Readers of my previous entry, Literacy, not Literalism, may have wondered why I stress the role of the human author. Some may wonder, “Don’t you believe God inspired the Bible?”

I do. But He chose to do so through human beings, who lived in a particular time and place. That God gave His only Son to actually become a human being clearly demonstrates the necessity for God to communicate with us through our humanity.

We see this repeatedly in scripture, even with the simple use of the male pronoun, “he,” to refer to God. Is God the Father a human male? Of course not. But when it comes to pronouns, we only have male, female, and neuter. And referring to God as “it” would be misleading. Apparently, something about God is more male than female. Before I get angry letters, God has both male and female attributes. I’m simply describing what scripture says and does.

Imagine yourself in the place of one of the prophets. You have had a transcendent experience with God. He has given you a message to share with the world. You have a deep sense of urgency about this. You want to share what you have learned. Would you not be at pains to make certain your audience understood what you want them to know? You would want to make it as clear and persuasive as possible. And to do that, you would have to use language. Not language in the abstract, but the language you and your audience share.

When we read the Bible with this awareness, we begin to see how marvelously crafted the text is. Not only is it constructed carefully, but with great artistry as well. And we usually find that the author’s intent is quite clear, if we’re willing to expend the energy to understand his time and place.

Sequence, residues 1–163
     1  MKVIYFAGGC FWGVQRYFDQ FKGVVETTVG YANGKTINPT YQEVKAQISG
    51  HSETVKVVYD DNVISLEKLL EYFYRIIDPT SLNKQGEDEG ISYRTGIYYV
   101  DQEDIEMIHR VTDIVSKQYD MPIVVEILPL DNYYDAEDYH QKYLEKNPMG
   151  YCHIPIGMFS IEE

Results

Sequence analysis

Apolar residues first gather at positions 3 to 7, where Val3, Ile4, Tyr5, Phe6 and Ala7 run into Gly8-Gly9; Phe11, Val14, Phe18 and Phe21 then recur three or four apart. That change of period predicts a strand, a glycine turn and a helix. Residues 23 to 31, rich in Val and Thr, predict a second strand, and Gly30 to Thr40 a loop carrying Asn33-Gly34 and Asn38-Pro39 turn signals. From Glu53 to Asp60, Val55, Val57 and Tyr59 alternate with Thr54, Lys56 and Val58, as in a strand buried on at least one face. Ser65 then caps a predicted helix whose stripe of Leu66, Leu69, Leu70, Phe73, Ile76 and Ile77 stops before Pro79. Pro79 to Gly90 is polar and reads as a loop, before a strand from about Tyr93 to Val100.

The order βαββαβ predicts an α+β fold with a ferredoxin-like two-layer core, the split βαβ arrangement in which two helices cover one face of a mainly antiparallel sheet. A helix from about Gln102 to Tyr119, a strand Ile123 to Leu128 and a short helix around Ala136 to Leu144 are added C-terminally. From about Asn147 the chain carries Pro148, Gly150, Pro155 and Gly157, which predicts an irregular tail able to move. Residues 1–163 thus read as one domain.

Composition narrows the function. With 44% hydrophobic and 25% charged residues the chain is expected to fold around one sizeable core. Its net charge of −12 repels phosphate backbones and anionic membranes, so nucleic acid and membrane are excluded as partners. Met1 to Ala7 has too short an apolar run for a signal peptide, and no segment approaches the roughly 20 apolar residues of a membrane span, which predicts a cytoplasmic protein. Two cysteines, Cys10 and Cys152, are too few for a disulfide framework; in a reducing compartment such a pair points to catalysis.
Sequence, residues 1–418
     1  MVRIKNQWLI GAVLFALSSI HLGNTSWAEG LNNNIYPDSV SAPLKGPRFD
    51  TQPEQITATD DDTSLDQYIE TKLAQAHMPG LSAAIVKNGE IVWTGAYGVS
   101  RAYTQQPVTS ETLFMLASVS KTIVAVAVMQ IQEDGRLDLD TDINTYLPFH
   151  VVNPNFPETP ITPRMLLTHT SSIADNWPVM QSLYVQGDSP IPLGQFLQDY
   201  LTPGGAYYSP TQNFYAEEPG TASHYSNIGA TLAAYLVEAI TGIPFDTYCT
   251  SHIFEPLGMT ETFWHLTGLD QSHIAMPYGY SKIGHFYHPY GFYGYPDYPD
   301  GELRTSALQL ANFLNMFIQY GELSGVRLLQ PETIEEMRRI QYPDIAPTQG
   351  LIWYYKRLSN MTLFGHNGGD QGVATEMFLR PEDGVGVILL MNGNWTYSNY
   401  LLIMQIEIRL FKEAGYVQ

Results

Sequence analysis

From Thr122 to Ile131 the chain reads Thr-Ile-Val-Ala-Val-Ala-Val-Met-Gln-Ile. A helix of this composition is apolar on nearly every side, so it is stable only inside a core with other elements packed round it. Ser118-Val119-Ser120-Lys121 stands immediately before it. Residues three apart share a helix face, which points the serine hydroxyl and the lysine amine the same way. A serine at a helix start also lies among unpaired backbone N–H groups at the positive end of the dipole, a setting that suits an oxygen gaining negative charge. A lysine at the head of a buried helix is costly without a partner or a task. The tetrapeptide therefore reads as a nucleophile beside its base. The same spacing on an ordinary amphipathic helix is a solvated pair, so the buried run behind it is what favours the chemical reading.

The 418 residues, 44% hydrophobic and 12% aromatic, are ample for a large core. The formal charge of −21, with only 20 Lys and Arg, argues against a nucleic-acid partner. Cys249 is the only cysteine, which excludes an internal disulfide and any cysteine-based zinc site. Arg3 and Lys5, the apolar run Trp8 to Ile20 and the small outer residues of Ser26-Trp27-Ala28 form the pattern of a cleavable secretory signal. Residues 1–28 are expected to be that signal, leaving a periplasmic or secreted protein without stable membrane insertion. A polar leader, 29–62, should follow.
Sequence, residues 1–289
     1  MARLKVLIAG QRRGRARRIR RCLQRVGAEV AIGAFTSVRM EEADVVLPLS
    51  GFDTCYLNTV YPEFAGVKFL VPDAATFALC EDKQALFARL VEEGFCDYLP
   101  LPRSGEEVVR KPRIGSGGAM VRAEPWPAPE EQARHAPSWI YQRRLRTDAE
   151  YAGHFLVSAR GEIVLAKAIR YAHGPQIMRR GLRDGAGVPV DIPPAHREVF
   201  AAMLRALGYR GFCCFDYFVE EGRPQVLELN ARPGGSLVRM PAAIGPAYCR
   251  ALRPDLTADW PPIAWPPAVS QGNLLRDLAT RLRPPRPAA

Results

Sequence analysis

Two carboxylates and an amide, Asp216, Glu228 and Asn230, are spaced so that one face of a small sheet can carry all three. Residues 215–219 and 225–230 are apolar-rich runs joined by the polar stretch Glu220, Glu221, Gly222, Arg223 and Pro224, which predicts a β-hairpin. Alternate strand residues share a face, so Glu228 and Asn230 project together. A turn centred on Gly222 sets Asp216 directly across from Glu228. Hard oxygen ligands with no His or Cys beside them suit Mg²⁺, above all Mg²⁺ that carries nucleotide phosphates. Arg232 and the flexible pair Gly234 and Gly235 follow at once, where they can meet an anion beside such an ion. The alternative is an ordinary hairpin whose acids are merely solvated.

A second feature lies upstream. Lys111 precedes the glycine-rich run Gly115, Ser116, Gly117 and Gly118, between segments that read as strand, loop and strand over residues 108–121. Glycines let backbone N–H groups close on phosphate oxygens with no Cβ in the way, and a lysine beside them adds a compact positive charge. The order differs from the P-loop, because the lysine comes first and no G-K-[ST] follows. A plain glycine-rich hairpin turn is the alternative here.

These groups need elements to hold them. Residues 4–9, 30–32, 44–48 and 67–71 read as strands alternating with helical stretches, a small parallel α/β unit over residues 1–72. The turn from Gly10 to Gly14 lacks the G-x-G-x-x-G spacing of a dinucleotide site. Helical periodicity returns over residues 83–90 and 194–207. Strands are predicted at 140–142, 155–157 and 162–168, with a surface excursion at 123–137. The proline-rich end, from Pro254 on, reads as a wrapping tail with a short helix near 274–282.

Even though the Bible was written in three languages, none of them English, and in a variety of cultures over a 1500 year span, with today’s resources interested laymen can readily find what they need to understand more than 90% of the Bible. And we should never forget that though the Bible contains absolute truth, our understanding remains only partial. “For we know in part and we prophesy in part.” 1 Cor. 13:9

Considering there are some texts we simply lack the context to understand, 90% is great, far more than adequate for living in a saving relationship with Jesus.

There are a few rules I’ve developed over the years to keep me honest–and that’s one of the biggest dangers we face. It’s sooooo tempting to nudge a little here and fudge a little there to get a text to mean what we want it to. We see this all the time in others. But there’s little opportunity for learning or discovery when we do that. Little opportunity to hear the Spirit when we keep interrupting with our preferred message. In the next few blogs, I’ll be sharing and explaining these rules, which I call “Wrestling Rules.”

I call them that because my approach to Bible study is to wrestle with the text like Jacob did with the angel, not letting go until I’m blessed. With some texts, this can take quite a while, but in my experience, it is always worth the effort.